Employee stress drains $400 billion a year from U.S. employers-almost $5,000 per employee. It manifests in lost productivity, absenteeism, presenteeism, group health expense, employee turnover and disability expense.
Minneapolis, Minnesota (PRWEB) April 25, 2011
Employee stress drains $400 billion a year from U.S. employers--yet many organizations do not fully understand the damage stress causes to their profit margins, employee productivity levels and employee health. In an ongoing study of Stress in America, The Oxygen Plan Corporation reports the March 2011 findings of the new health metric - The Stress Number™. To date, over 42,000 respondents have completed the 30 question The Oxygen Plan Stress Test to assess their individual stress. The stress test has 10 questions for home, work and social stress. The scoring for each question ranges 0 - 100, whereby a score of 0 means extreme stress (red), to 100, meaning stress free (green).
Key March Findings: “More Stress at Home"
Basis 1,984 respondents to The Oxygen Plan’s Stress Test, the March Stress Number™ for home, work and social stress are 46, 52 and 53, respectively. “Clearly, scores are toward the lower end of the scale. This is especially true for the home domain,” says Dr. Donald E. Williams, board-certified clinical health psychologist (American Board of Professional Psychology/ABPP), and Chief Science Officer, The Oxygen Plan. "So, there is bad news – as a group, scores are low. While still yellow, the home score, in particular, reflects a downward trend. Perhaps, as one might expect, the stresses of work, the economy and dwindling social support are showing up at home. Combined, the scores indicate stress, and its ill effects on our home, work and social lives, and on and our health, remains a serious issue."
A "Stress Number™" can also be an aggregated measure of the stress affecting an organization's workforce. Two new research papers from The Oxygen Plan urge employers to learn the Stress Number™ for their employees and employee groups to help them develop an effective stress management program.
The impact of stress in the U.S. workplace is bad news for employers as it manifests in lost productivity, absenteeism, presenteeism, group health expense, employee turnover and disability expenses. "Many organizations invest in resources like EAPs, work-life programs and policies, and health and wellness programs," said Dr. Williams, "but many are unaware of their employees' actual stress levels, how much of their stress is job-related or the root causes of their stress." "Stress diminishes the engagement and effectiveness of a workforce, erodes workers' physical and emotional health, and drives up medical and insurance costs," adds Eric Lucas, CEO of The Oxygen Plan Corporation.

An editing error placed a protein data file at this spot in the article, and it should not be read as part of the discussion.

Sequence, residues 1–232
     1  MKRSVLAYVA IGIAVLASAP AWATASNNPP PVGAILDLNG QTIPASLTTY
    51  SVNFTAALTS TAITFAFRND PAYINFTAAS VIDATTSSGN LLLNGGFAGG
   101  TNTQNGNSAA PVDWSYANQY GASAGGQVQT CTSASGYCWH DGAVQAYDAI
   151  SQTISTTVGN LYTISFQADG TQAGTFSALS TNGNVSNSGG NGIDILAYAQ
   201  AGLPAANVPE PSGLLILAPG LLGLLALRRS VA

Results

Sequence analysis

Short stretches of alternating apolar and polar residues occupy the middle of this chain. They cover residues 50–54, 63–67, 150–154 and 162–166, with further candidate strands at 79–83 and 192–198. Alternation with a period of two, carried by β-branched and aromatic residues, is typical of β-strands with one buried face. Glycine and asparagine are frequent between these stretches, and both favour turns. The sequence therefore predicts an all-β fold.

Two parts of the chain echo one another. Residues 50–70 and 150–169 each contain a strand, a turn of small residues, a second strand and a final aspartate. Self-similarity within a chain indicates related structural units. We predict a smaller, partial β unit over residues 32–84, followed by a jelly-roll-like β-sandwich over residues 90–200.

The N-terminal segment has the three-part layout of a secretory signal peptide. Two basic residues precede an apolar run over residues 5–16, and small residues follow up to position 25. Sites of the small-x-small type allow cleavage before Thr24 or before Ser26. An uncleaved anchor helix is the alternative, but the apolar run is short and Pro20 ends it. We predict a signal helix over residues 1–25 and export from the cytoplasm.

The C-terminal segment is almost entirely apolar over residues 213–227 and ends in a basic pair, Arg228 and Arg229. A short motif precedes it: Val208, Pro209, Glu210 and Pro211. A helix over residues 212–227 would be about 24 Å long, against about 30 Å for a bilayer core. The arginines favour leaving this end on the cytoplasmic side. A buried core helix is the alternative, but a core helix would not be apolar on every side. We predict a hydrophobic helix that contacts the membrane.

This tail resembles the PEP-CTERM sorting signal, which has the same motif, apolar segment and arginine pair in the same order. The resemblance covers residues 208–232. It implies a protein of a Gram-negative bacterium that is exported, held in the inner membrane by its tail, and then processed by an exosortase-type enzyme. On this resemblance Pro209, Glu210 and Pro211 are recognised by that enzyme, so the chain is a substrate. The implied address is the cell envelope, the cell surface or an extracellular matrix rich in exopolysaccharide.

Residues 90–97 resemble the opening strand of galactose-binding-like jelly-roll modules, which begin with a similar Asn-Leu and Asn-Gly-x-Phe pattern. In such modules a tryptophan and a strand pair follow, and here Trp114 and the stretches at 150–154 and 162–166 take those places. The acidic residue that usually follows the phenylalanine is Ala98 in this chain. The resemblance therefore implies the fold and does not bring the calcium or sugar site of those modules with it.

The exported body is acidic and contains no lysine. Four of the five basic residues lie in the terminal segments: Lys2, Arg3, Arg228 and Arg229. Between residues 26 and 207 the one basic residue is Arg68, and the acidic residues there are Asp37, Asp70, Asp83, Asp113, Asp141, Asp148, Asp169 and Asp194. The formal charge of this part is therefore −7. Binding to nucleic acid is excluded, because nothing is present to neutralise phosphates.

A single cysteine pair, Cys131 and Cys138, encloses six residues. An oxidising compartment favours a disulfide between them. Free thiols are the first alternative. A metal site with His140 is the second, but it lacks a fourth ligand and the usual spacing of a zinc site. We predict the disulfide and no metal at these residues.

“With the Stress Number™, it is now possible to measure, compute, aggregate, report, and trend a stress metric as it relates to personal health or organizational cost,” says Dr. Williams. “Now, we are able to assess stress, calculate the Stress Number™, provide The Oxygen Plan program and re-measure stress for individuals or organizations. The Stress Number™ is a significant development in the field of health metrics.” “We feel the Stress Number™ should be used to help individuals and organizations manage health and health care costs – just like blood pressure and BMI," adds Eric Lucas, Founder and CEO of The Oxygen Plan. “Because stress in the home or social life impacts employees at work, and vice versa, it's in employers' best interest to know the aggregate Stress Number™ for their employee populations and get a line of sight into root causes.”
About The Oxygen Plan
The Oxygen Plan is a new patent-pending behavior change program designed to help people recognize and reduce stress, live healthier, happier lives while helping employers lower health care costs and improve productivity and employee engagement. The Oxygen Plan, co-developed by Eric Lucas and Dr. Williams, is the only stress reduction program to use a simple green, yellow, red color coding to easily facilitate stress recognition and behavior change for individuals and organizations. For more information visit http://www.theoxygenplan.com.
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